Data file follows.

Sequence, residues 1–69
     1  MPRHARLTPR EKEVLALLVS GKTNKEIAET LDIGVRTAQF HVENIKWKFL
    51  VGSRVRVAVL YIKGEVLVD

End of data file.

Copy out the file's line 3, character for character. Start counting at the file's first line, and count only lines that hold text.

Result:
    51  VGSRVRVAVL YIKGEVLVD